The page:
- Hardcover: 196 pages
- Publisher: Books for Libraries (June 1922)
- Language: English
- ISBN-10: 0836969634
- ISBN-13: 978-0836969634
- Product Dimensions: 0.8 x 5.5 x 8 inches
- Shipping Weight: 12.8 ounces
- Average Customer Review: 3 customer reviews
- Amazon Best Sellers Rank: #13,043,940 in Books (See Top 100 in Books)
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Legendary Islands of the Atlantic; A Study in Medieval Geography.
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The opinion of the author is politely dismissive of the possibility that these islands did exist and tries to account for their continued legendary appearance as due to the heightened imagination ( 'philosophical romance' in Plato's case) of people at a time before Scientific method had established itself. Needless to say, the author neither disproves or proves their existence although he leans in favour of the former.
In terms of modern scientific proof not much has changed since the book was written and there is no more new knowledge today regarding the lost islands of Atlantis, Hy Brazil, Mayda and others mentioned in the book. Nevertheless, this book is a very good examination of all available sources at the time and shows many old maps, highlighting the discrepancies between maps of different eras. I should mention that the quality of the maps is not very good presumably because it is based on a copies of old maps. However the book is still an excellent source for discovering what ancient maps are available and how the cartographers made mistakes copying the information from one map to another.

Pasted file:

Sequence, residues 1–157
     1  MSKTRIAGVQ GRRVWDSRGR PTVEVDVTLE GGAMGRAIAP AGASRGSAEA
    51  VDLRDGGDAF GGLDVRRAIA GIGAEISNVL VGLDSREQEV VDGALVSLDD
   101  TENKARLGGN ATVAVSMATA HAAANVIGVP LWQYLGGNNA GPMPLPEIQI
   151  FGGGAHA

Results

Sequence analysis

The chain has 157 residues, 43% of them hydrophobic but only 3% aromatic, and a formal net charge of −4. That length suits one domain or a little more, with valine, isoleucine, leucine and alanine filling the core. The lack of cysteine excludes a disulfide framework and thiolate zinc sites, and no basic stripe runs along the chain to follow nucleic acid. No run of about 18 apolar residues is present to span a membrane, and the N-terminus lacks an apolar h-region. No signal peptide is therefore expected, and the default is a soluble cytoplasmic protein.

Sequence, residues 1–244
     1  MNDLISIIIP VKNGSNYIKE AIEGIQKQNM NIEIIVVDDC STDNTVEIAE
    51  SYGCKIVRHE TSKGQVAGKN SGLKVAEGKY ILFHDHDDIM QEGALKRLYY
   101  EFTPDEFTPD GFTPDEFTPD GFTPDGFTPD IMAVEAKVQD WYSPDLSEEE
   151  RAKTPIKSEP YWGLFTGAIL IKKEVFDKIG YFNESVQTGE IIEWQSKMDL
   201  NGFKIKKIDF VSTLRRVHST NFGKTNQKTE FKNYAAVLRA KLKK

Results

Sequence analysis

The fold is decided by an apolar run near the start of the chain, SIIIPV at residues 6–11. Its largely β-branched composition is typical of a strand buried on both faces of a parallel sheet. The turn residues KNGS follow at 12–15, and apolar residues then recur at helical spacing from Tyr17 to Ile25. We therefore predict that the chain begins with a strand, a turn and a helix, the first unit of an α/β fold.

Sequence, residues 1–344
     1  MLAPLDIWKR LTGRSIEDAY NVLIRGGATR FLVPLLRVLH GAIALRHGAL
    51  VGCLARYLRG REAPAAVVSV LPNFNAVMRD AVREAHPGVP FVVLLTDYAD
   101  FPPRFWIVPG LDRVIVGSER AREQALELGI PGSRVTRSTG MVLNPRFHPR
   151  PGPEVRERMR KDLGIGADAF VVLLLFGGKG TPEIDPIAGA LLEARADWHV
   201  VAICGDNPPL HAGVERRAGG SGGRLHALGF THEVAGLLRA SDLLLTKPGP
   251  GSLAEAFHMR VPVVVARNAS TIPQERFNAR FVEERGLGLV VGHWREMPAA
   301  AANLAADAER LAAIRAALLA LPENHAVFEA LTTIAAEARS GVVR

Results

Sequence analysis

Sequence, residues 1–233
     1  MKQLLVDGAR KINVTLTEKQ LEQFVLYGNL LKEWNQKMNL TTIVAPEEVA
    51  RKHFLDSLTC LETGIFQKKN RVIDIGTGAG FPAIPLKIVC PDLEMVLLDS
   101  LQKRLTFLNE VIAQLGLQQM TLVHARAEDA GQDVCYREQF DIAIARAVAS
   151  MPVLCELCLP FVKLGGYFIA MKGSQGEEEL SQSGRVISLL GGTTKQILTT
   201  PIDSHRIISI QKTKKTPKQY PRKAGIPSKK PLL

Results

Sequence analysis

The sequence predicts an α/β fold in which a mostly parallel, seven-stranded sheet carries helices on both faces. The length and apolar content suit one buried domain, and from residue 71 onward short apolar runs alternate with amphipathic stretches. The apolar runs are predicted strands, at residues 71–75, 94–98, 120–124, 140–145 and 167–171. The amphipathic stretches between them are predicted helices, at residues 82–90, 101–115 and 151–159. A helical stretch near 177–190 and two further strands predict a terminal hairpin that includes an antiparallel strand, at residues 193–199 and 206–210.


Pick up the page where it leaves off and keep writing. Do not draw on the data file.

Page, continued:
In the end, you can make up your own opinion on whether you feel these islands ever existed. The author understandably, given his time, scoffs at the idea but, to his great credit, gives us an excellent account of all references he could find relating to these lost or legendary islands.
Personally, I believe that loss of land to the sea is a natural regular occurrence albeit over a long time. It normally takes thousands of years and these islands most likely did exist at one time and were sunk due to a catastrophe or the common phenomenon of hydro-isostasy and inundation at a time of high sea levels at the end of last ice age. Whatever rump of land was left was eventually eroded away.
The evidence unfortunately is buried deep in the sands at the bottom of the Atlantic. But whatever your viewpoint, I would recommend reading this well written book.